Wendy Kalman
There are many ways to see and understand


Palestinians in Gaza protest against the high cost of living and taxes in the coastal enclave on March 15, 2019. (Anonymous resident of Gaza, via The TImes of Israel) 
Palestinians in Gaza protest against the high cost of living and taxes in the coastal enclave on March 15, 2019. (Anonymous resident of Gaza, via The TImes of Israel) 

Hamas. They’ve been in the news a hell of a lot lately.

In the last few weeks, we’ve twice seen rockets “accidently” get shot towards Tel Aviv. The most recent destroyed a home, wounding seven inside including two infants and killing the family’s four dogs. While Islamic Jihad may or may have been behind the rockets, the strip is still under Hamas’s control. Hamas says they aren’t interested in escalating and yet they are not ensuring that no rockets already pointing at the Israeli city are repositioned or stored away. The Israeli retaliation is predictable and I would say that while the shooting of the rockets might not have been predicted, they could be an expected possibility, given their very existence and positioning.

Also in the last few weeks, protesting Hamas prisoners have caused much harm. At Ramon prison, they set a fire, torching 14 beds, wounding an inmate and a staff member and more recently at Ketziot prison, they stabbed two guards, one seriously, setting off a riot in which 11 prisoners were reported hurt. The reason for the protests? Because Israeli authorities have now begun jamming the signals of cellphones. Prisoners who illegally smuggle them in use them to conduct terror activities outside of prison walls. What happens inside the prisons affects what happens outside; this article from al-Monitor explains a lot of the dynamics – it is worth registering to read. The riots, by all accounts, could have been predicted.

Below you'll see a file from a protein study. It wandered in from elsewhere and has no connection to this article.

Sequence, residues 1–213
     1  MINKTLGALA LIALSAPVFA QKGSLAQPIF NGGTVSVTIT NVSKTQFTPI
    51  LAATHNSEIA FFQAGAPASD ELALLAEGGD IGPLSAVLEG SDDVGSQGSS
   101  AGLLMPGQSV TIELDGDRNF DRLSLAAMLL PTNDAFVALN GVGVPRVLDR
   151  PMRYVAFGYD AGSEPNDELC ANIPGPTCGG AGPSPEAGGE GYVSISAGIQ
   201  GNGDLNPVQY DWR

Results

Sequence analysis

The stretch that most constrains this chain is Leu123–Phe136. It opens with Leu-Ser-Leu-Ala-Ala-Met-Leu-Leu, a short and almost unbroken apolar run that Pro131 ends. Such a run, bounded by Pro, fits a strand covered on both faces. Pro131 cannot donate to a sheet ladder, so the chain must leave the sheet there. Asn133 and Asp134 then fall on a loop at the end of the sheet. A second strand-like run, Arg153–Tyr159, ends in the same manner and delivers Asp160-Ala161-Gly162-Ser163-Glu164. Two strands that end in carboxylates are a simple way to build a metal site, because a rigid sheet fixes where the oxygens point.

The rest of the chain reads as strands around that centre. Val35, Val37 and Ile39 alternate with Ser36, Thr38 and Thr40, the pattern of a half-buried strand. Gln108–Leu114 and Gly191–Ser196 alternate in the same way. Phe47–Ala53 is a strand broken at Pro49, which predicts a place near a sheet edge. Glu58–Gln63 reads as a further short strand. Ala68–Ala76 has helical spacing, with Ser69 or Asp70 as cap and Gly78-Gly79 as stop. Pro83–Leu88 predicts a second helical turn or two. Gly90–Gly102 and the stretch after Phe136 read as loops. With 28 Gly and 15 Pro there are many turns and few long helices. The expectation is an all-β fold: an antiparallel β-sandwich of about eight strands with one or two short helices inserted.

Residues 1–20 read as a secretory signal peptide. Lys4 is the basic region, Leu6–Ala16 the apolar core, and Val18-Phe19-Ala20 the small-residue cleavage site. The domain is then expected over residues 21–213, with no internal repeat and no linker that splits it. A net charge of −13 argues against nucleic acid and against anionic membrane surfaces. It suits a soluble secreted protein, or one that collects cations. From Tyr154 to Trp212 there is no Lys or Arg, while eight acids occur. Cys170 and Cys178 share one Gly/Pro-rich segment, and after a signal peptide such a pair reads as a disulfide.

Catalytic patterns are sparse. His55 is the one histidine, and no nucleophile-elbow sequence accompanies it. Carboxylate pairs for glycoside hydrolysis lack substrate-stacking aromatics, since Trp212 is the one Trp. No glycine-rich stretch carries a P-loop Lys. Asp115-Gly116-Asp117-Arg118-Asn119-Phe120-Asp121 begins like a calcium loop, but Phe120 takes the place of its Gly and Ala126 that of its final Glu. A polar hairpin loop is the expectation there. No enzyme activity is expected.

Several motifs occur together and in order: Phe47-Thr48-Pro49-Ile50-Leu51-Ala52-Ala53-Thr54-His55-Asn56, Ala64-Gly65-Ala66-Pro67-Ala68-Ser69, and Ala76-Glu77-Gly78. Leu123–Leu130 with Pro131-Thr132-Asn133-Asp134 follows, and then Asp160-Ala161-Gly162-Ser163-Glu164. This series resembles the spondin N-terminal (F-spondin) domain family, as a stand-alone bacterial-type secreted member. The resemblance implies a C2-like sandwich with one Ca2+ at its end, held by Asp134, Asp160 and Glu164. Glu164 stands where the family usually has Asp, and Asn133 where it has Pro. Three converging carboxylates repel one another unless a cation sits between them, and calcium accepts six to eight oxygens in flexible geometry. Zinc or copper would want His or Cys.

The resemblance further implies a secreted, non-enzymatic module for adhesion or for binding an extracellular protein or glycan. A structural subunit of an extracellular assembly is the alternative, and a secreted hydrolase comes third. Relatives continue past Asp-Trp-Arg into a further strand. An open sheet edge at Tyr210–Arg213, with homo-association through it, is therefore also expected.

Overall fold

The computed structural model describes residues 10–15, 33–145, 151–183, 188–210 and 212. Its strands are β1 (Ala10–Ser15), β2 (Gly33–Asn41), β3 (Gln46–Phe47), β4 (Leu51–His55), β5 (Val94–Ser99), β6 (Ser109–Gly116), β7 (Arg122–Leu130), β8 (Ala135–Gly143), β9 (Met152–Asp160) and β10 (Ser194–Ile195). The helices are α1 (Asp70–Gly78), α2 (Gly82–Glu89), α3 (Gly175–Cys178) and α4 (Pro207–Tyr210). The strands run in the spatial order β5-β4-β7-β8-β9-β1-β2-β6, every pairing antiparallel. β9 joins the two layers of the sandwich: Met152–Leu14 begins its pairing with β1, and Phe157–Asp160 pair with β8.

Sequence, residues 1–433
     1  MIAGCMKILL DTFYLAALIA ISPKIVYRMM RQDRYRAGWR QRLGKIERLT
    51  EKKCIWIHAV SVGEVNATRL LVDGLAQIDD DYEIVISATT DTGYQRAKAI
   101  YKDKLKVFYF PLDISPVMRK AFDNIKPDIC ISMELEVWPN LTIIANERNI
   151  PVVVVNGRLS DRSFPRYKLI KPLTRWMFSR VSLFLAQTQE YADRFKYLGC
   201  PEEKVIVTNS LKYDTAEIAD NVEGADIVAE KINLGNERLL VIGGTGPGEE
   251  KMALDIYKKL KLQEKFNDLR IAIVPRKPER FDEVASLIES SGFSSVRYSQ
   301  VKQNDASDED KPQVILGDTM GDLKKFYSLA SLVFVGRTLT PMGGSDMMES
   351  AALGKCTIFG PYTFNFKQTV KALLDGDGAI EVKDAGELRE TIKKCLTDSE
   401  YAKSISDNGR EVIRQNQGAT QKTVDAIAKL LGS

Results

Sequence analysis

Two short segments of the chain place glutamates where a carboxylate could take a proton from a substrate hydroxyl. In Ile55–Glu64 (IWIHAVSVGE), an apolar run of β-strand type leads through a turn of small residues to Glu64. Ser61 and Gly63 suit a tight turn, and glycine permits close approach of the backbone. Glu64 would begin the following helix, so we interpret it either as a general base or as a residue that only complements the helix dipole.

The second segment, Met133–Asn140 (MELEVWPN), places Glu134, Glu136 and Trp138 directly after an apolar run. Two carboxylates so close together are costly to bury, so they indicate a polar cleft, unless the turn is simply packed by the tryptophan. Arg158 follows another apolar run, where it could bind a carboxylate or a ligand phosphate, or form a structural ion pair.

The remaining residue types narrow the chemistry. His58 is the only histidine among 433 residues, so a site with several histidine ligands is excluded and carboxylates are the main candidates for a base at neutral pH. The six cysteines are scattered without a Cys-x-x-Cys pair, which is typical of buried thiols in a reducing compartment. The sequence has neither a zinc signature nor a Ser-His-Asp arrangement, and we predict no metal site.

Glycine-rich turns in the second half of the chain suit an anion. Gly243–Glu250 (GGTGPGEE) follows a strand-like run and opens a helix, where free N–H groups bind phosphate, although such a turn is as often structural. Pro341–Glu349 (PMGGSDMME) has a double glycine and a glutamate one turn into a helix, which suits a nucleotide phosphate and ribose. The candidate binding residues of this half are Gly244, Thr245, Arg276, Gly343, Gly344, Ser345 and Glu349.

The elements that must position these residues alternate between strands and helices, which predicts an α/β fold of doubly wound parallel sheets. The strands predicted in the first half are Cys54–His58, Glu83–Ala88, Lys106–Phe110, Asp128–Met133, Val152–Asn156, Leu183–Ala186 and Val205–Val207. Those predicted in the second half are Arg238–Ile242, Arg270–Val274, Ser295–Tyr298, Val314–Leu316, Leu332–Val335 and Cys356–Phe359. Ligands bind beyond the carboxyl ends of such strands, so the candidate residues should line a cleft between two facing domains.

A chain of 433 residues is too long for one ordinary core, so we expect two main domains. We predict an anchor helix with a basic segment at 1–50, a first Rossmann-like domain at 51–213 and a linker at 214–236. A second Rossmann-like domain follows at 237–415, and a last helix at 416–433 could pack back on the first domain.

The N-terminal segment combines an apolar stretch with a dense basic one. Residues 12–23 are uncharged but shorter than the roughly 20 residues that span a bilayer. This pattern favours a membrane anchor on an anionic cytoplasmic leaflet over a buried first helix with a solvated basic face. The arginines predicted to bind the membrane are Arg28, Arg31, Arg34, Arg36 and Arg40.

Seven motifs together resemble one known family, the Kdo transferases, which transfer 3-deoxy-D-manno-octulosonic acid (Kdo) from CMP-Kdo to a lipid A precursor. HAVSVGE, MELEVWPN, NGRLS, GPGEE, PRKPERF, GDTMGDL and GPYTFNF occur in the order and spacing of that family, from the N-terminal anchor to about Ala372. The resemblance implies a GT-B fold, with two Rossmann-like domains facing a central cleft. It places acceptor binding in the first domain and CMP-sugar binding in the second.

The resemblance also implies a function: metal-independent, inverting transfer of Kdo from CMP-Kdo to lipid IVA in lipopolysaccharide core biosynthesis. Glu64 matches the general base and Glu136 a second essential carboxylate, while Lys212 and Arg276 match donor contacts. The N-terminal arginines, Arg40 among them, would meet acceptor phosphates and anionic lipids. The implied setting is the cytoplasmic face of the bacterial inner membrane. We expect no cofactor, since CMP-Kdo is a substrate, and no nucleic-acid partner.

But what has not been predictable in my eyes, is what is going on in the Gaza Strip. And this element of unpredictability may open up the possibility for a change in the status quo. Or it may not.

On Thursday, March 14, dozens first gathered in both northern and central Gaza to protest the high cost of living and rising taxes. Their rallying cry, “We want to live!” Hamas prevented journalists from filming or taking pictures in the North and arrested protesters at the second location.

On the following Friday and Saturday, they gathered again in Deir el-Balah and Khan Younis. Hamas used live fire and beat protesters, arrested protesters (including many from Fatah) and detained journalists and researchers. The PA asked Egypt to intervene and Qatar was asked to as well.

On Sunday, March 17 it was reported that seven reporters had been brutally beaten, four of them requiring hospitalization, their cellphones and equipment confiscated.

The following Saturday, the Guardian ran a story about Palestinian writer/Fatah spokesperson Abu Seif who had been among those hospitalized; Hamas fractured his skull and broke his leg and the fingers in his right hand. President Abbas visited Abu Seif, telling the writer, who conveyed that 25 Hamas members in masks hurt him, that “The people of Gaza are the ones who started the revolution, and they should be the ones to bring it to completion.” He also was reported as saying that Hamas “should end up in the trash bin of history.”